Portrait from the Lewiston Evening Journal, March 7, 1892.
Long prominent in the business and political life of Auburn, Maine, Winchester Greenwood Lowell sports a name that immediately conjures up images of an affluent, high-society gentleman of prominent standing. True to that description, Mr. Lowell was a successful merchant in Auburn and for two years served as a member of the Auburn Board of Aldermen. He would later win election as Mayor of Auburn in the early 1890s and also served that city as its Postmaster, occupying that office for sixteen years.
Born and raised in West Minot, Maine, Winchester Greenwood Lowell's birth occurred on February 1, 1843, a son of William and Atosa Greenwood Lowell. Lowell would attend school in the town of his birth and later graduated from the Hebron Academy. In 1866 he established himself in that town's business life, becoming the owner of a general store. In December 1868 he married in West Minot to Ann Sylvinia Atwood (born 1845), to whom he was wed for over fifty years. The couple would become parents to five daughters, listed as follows in order of birth: Ethel (died 1872), Eliza Anne (born 1873), Hannah (born 1874), Florence Winchester (born 1878) and Julia Long (born 1880).
Several years following his marriage Winchester Lowell and his family removed from West Minot and settled in Auburn, where he would reside for the remainder of his life. Soon after his resettlement, he entered into a partnership with John Quincy Adams Atwood, and together the two established a grocery business under the name Atwood and Lowell. The firm would continue on for a number of years and in 1890 Lowell entered the political life of Auburn when he won election to the city's Board of Alderman from Ward 2.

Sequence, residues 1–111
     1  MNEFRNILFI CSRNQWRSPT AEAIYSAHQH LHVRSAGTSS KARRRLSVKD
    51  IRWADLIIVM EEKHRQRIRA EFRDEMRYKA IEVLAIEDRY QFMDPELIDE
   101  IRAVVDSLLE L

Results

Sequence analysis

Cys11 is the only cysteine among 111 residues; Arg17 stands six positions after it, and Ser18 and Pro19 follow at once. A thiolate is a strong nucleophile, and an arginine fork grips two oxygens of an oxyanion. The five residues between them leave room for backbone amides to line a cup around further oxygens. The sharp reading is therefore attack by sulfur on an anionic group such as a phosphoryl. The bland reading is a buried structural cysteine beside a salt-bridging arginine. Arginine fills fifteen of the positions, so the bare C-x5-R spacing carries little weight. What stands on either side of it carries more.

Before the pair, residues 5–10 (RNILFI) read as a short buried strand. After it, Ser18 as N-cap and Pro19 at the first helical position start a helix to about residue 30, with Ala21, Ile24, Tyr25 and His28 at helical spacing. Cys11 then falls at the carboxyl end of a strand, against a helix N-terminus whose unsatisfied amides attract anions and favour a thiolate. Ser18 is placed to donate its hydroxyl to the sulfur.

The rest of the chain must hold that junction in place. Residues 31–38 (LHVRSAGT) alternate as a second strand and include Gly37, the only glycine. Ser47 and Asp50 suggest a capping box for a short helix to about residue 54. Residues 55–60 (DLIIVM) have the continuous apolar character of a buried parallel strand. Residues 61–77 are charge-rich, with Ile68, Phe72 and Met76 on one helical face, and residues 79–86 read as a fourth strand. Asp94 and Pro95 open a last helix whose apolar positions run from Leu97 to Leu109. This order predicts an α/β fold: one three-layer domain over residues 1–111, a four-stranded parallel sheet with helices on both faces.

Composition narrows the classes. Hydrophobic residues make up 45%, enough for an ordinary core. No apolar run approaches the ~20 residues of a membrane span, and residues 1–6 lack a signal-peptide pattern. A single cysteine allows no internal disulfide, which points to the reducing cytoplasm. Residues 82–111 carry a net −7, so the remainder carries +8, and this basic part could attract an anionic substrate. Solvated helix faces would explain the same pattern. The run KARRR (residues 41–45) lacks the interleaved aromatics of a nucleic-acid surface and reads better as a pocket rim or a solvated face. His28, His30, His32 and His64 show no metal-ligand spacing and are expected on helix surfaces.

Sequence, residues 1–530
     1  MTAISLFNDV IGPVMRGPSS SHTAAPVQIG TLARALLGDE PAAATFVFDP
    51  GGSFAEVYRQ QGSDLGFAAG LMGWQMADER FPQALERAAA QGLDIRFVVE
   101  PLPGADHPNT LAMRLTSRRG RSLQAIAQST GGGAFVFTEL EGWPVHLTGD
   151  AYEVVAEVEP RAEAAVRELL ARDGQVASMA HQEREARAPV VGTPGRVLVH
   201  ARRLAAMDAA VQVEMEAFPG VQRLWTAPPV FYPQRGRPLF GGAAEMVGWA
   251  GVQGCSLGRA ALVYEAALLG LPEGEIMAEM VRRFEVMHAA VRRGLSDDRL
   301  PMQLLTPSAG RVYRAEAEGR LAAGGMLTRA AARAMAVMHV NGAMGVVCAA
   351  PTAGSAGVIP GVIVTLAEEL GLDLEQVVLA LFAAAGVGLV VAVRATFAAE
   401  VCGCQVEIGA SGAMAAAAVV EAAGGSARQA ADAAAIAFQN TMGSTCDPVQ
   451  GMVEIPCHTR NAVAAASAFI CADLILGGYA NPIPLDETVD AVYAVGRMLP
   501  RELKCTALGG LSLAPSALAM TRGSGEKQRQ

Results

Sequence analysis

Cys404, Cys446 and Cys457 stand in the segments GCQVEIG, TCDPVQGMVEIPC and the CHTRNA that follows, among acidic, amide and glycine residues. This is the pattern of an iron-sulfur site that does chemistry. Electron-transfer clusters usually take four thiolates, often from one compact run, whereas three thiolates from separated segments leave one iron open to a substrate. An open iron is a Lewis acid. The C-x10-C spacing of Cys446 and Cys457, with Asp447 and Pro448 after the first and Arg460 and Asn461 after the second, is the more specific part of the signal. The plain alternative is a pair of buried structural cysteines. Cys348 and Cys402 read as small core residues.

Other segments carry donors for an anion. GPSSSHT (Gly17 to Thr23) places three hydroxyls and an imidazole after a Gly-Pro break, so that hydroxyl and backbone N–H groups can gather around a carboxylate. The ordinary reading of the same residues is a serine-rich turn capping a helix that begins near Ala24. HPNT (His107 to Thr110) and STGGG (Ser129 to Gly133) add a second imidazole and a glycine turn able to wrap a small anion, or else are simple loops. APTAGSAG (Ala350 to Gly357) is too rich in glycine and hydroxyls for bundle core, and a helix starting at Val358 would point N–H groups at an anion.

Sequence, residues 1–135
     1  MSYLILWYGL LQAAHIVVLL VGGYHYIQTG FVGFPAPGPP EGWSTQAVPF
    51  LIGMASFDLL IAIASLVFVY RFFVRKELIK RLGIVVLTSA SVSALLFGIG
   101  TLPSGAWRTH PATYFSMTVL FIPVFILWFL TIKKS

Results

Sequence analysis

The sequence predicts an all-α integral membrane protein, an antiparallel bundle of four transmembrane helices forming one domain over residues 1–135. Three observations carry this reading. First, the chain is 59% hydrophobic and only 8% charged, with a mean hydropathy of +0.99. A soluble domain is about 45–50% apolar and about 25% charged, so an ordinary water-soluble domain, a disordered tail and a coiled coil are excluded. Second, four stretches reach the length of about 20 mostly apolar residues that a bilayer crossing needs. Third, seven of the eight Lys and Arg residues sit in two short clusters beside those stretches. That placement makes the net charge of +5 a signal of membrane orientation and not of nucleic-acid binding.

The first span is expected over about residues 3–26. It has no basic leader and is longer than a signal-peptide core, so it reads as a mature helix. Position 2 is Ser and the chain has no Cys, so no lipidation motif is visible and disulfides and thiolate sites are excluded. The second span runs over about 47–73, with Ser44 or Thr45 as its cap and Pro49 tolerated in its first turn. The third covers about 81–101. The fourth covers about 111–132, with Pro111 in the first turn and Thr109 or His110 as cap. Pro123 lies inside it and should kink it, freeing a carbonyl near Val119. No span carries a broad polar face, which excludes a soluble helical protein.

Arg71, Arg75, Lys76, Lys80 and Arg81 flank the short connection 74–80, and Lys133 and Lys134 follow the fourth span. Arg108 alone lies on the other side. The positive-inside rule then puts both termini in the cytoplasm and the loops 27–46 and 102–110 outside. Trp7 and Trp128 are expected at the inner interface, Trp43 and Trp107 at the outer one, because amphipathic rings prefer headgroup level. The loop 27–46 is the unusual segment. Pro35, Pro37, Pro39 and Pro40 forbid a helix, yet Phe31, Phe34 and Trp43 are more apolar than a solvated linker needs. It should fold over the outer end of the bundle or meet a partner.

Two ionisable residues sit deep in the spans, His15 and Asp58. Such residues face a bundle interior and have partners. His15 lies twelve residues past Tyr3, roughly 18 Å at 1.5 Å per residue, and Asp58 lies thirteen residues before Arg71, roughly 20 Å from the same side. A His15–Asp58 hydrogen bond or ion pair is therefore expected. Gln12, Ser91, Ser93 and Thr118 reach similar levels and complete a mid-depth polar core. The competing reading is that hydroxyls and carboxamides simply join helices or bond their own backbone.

Lowell would serve two years as an alderman and during his service played a prominent role in the development and construction of the Dennison Street bridge. In early 1892 Lowell became the Republican candidate for Mayor of Auburn, and was touted in the Lewiston Evening Journal as having been:
"A prudent capable man of affairs, and a great master of details of city government business."On March 7, 1892, Winchester G. Lowell won the mayoral election, defeating Democratic candidate Frank Bigelow by a vote of 1,063 to 513. He served one term as mayor and in 1893 was defeated for reelection by William Wheeler Bolster (a former state senator), who coasted to an easy victory, besting Lowell by over 1300 votes! Five years following his loss Lowell returned to public life when he was selected by President William McKinley to serve as U.S. Postmaster at Auburn. Lowell would hold that post for sixteen years, retiring in 1914.
For several years prior to his death Winchester G. Lowell was afflicted with total blindness, an "affliction that he bore with courage." He died at his home in Auburn on March 23, 1922, one month following his 79th birthday. He was survived by his wife Ann and was later interred at the Mount Auburn Cemetery in Auburn.